Odessa killer topic of TV program
The monster on television tonight has nothing to do with make-believe Halloween ghouls.
This particular monster once roamed West Texas stalking his victims, destroying families forever, and shocking Odessans when the full details of his crimes came to light in 1982.
The story of Michael Eugene Sharp, often called a serial killer by law enforcement, is the topic of tonight’s “On the Case with Paula Zahn” at 9 p.m. on Investigation Discovery (ID).
The episode begins when 18-year-old Blanca Arreola Guerrero fails to return from a quick car ride and her relatives begin to worry.
Her family retraced her route to a store on Eighth Street in Odessa and discovered her abandoned car. Calls to those close to the pregnant 18-year-old only cemented family members’ worst fears in May 1982.
The young Odessan appeared to be the victim of an abduction. Investigators canvassed the area around her abandoned car and found a witness who saw her at a payphone when she was approached by a blue pickup truck. Seconds later, both were gone.
Police struggled to identify a suspect and as the weeks passed without any new leads and just as the case was about to go cold, investigators were told a shockingly similar story from a 14-year-old girl.
The girl was found in the oilfields outside of Kermit. She was naked and running with her hands bound behind her. Her name was Selena Elms and she told police that she, her mother and younger sister had been kidnapped by a man in a blue pickup truck from a car wash in Kermit.
Her mother, she would tell lawmen, was killed right in front of her and she was certain her young sister had suffered the same fate.
Now, Selena Elms Kelly as well as relatives of Guerrero, tell their story to Paula Zahn on tonight’s program.
‘There is no God’
Selena, who was 14, in 1982, has shared her story before. First in two trials, one for the murder of her mother and the other for the murder of her sister. She also detailed the horrendous details of the kidnapping and murders with Odessa American reporter Kim Smith prior to Sharp’s execution in 1997.
Smith vividly recalls her interviews with both Selena Elms Kelly and with death row inmate Sharp.
“Michael Eugene Sharp is the only suspected serial killer I’ve ever met and interviewed. I wasn’t entirely sure what to expect when I set out to interview him on Death Row shortly before his execution,” Smith, now a reporter in Arizona, detailed via email. “Would I feel pure evilness sitting across from him? Would he be unrepentant or remorseful and scared?”
Smith said it turned out none of those things were true. “Sharp wasn’t remorseful in the least, but he also didn’t give me the heebie jeebies like I suspected Jeffrey Dahmer or a real-life Hannibal Lecter would.”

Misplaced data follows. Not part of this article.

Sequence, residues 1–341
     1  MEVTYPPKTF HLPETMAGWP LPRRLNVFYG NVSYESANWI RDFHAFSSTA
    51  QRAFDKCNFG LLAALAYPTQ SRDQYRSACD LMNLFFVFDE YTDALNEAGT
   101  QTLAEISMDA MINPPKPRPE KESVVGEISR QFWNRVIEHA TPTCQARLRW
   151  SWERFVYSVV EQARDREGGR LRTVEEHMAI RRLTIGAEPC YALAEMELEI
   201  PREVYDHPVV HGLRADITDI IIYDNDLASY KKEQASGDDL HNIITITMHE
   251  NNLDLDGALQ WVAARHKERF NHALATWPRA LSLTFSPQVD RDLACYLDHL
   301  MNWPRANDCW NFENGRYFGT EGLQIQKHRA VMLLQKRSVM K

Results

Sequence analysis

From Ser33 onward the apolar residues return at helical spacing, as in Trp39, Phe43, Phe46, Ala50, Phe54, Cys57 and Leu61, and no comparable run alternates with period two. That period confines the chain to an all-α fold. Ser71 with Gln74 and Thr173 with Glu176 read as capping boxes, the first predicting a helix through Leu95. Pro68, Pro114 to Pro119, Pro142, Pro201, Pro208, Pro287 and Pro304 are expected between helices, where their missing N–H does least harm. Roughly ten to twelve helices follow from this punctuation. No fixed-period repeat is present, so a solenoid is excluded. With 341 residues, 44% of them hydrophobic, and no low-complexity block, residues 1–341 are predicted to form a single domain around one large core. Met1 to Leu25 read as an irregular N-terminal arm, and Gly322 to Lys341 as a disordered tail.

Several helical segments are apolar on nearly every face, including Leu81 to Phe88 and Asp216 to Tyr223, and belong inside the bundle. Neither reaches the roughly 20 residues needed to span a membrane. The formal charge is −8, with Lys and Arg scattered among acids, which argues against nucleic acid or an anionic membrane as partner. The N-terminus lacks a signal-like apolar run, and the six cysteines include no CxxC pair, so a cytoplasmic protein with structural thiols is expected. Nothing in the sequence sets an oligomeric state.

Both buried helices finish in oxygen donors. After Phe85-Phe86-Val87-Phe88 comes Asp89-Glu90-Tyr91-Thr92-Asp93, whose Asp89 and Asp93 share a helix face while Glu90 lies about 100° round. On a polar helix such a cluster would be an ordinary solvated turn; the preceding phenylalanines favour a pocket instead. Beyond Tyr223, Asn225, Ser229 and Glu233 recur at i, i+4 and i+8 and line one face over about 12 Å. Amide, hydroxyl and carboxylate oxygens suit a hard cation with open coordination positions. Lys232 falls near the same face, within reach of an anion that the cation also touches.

She said Sharp was just a well-spoken and incredibly selfish man. “He claimed to have found God in prison and yet he did not apologize for his heinous acts or beg for forgiveness.”
Smith attended the execution, along with Selena Elms Kelly. Smith had thought he might provide closure for those families still wondering if he had killed their loved ones as several unsolved West Texas killings seemed to fit his profile, but he never confessed. He didn’t even confess to the murder of Guerrero — but led lawmen to her body.
“Instead, he used our time together to promote the anti-death penalty organization he founded,” Smith recalled some 21 years after his execution.
Smith said her strongest memories, however, were of interviewing Selena Elms and accompanying her to the execution. The woman described, once again, how Sharp had abducted the three at knifepoint and then drove through the night to a water tank in the oilfields near the Winkler/Ector county line where he forced them to perform sexual acts on each other.
Selena, barefoot, escaped into the desert as her mother was being repeatedly stabbed by Sharp. It was her detailed description of Sharp’s winged horse tattoo that helped lead to his arrest in Sweetwater several days after the slayings. It was also her detailed description of the water tank that led authorities to the bodies of her mother and sister.
She would recall that Sharp told the terrified trio that there was “no God.”
“This woman had been through an almost indescribably horrendous experience as a child and yet she had gone on to lead a normal life as a wife and mother. I thought she showed incredible courage in not only testifying at both of Sharp’s trials, but in also showing up to watch him die.”
It was Smith’s reporting prior to the execution that spurred many Odessans to mobilize and create a fund to help the young mother with funding to travel to the execution.
“Hopefully, victims everywhere are inspired by Elm’s fortitude and willingness to talk about her experiences,” Smith recalled.
The program also features interviews with law enforcement as well former OA reporter Tim Madigan, now a writer living in Fort Worth, who covered the trial in 1983.